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Colin Jeffery

Colin Jeffery

CHICAGO (AP) - Illinois Senate President John Cullerton says the state's $97 billion pension shortfall isn't as dire as some people are describing.

The Chicago Democrat told WGN Radio that the pension shortfall is not an imminent crisis, but that finding a solution can help keep Illinois' income taxes down.

Cullerton made the remarks as lawmakers head back to Springfield to begin their fall veto session Tuesday. They face considerable pressure to deal with the pension problem, considered the nation's worst. But a bipartisan committee working on reform is split over a plan that saves $138 billion over 30 years.

Cullerton says the state has been putting more money into its pension systems in recent years under a 1996 law.  He says he wants to lower the annual amount the state pays in.

 

FULTON, Mo. (AP) - Lawmakers on both sides of the political aisle agree that Missouri's state hospital for the most severely ill and dangerous mental health patients is in dire need of repair, but it remains unclear just how to come up with the more than $200 million needed to replace the crumbling Fulton State Hospital.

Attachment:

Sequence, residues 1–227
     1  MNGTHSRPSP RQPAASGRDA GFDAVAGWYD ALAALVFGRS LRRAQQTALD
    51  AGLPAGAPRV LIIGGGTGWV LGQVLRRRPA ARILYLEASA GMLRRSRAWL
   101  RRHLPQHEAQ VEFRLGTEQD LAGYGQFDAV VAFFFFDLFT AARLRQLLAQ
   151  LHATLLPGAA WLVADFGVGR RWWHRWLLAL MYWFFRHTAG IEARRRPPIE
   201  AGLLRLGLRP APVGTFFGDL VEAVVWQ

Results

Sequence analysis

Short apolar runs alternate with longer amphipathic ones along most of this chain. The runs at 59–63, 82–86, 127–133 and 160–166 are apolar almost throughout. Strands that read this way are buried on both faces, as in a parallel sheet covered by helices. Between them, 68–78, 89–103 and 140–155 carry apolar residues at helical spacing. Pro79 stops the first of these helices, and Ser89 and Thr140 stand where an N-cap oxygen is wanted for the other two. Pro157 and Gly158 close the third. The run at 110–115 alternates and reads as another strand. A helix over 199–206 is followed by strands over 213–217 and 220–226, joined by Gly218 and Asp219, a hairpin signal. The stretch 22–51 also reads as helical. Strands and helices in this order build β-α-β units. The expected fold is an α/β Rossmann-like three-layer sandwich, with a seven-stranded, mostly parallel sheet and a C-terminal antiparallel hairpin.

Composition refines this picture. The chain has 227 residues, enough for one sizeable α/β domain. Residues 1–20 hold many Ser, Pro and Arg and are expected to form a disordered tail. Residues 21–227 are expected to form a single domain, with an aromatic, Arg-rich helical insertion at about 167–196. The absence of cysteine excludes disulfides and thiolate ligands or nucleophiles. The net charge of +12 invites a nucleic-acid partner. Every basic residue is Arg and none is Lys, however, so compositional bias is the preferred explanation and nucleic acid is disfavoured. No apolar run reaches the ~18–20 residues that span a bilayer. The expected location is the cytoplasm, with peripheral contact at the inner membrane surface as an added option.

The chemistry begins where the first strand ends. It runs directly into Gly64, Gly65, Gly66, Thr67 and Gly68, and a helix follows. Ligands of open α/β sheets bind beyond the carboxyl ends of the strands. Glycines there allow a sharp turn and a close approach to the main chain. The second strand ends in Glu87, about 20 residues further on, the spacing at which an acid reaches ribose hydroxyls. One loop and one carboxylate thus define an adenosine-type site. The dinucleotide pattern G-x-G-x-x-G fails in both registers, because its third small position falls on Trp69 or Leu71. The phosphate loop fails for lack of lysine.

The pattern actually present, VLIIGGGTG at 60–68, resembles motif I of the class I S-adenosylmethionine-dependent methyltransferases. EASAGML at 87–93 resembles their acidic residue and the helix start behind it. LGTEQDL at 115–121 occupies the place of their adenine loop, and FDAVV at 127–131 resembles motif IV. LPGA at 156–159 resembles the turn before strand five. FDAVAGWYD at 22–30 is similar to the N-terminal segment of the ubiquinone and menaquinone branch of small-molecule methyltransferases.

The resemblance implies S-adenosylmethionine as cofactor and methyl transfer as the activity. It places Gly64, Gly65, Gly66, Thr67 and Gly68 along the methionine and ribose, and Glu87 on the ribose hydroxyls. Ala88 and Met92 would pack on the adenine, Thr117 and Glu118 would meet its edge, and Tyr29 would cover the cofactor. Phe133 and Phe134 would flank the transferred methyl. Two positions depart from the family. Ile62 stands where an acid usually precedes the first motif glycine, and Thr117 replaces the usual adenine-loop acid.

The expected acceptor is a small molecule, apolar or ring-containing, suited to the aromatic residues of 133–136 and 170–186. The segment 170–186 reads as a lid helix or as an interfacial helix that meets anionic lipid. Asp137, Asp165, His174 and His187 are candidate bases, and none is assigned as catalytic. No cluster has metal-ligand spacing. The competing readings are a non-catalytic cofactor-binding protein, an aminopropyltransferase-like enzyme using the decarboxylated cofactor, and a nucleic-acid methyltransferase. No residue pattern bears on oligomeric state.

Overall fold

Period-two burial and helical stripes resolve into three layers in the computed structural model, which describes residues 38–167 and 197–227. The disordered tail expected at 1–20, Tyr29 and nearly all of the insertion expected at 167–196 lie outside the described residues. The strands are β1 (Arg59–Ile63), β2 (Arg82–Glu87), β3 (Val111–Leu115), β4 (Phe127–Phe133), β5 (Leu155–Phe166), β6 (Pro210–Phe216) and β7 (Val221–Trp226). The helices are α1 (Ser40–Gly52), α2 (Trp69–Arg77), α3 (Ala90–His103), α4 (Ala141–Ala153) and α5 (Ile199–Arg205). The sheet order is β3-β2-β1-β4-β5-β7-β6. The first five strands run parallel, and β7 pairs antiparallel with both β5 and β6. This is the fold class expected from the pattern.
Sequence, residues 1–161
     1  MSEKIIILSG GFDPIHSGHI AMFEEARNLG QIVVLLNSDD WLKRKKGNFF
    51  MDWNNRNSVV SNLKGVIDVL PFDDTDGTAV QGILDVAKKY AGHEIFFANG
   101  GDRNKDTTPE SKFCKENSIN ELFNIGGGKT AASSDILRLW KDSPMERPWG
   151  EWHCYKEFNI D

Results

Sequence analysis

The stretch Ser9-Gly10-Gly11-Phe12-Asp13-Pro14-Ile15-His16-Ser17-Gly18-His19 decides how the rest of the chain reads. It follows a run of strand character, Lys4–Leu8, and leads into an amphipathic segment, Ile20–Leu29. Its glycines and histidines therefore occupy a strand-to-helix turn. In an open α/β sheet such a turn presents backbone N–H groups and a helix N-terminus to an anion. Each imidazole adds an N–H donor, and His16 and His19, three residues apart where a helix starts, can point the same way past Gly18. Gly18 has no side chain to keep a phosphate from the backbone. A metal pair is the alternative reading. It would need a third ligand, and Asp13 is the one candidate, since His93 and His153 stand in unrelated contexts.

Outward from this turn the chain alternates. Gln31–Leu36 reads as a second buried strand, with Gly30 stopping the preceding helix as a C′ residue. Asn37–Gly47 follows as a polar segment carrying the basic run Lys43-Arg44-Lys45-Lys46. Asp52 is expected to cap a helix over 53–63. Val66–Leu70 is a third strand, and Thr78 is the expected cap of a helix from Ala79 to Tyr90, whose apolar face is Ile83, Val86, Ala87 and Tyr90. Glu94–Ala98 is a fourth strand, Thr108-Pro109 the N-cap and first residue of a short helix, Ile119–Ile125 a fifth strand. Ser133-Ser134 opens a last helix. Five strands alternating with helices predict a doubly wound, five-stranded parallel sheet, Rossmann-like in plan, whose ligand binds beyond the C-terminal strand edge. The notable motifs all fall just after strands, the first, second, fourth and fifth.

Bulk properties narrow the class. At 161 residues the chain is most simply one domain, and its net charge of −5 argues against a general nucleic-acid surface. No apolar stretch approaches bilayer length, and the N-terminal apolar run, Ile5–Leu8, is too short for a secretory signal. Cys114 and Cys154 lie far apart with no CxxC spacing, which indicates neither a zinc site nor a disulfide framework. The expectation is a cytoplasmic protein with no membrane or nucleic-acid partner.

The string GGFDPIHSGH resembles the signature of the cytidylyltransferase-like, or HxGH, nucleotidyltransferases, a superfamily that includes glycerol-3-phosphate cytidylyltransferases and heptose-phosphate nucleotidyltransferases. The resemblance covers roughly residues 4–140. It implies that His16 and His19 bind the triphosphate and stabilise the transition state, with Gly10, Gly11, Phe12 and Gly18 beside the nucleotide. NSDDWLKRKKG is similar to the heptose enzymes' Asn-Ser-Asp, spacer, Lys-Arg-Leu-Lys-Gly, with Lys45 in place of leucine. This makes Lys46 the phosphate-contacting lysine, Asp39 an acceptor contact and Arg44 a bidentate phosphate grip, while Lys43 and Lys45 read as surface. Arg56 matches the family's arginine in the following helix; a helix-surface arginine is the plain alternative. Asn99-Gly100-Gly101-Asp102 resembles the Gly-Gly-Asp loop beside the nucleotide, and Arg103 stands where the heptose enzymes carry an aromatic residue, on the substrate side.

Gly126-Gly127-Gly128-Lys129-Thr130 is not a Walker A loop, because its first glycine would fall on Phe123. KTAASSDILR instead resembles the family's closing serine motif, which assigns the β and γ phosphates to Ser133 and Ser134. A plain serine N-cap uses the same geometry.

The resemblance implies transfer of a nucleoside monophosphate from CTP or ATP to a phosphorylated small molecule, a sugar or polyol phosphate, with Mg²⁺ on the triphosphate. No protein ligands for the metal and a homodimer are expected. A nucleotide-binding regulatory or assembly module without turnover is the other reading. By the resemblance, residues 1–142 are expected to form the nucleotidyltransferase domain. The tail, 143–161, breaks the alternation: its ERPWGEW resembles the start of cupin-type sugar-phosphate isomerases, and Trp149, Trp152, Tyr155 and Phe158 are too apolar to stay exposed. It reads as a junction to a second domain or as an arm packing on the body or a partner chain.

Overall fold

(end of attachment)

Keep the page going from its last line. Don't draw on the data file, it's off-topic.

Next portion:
The facility is Missouri's only maximum security psychiatric hospital. The St. Louis Post-Dispatch reports that some of the buildings on the 95-acre site are completely abandoned. Others are in such bad shape they raise safety concerns for patients and staff.

Republican state Sen. David Pearce of Warrensburg heads an interim Senate committee reviewing state building repair needs. He says many of the state's more than 6,000 buildings need fixing, but dollars are scarce.

 

Kennedy's vision for mental health never realized

Sunday, 20 October 2013 11:46 Published in National News

PROVIDENCE, R.I. (AP) — The last piece of legislation President John F. Kennedy signed marks its 50th anniversary Oct. 31, the transformative Community Mental Health Act.

The bill aimed to build 1,500 mental health centers to treat people while they worked and lived at home, rather than being housed for years in often-abusive state institutions.

Recent events including deadly mass shooting at the Washington Navy Yard have focused public attention on how the nation is treating mental illness.

It's clear Kennedy's vision was never fully realized. While the legislation helped usher in positive changes, it was never fully funded so many of the sickest people had nowhere to turn.

Former U.S. Rep. Patrick Kennedy is gathering advocates this week for the Kennedy Forum to develop an agenda for improving mental health care.

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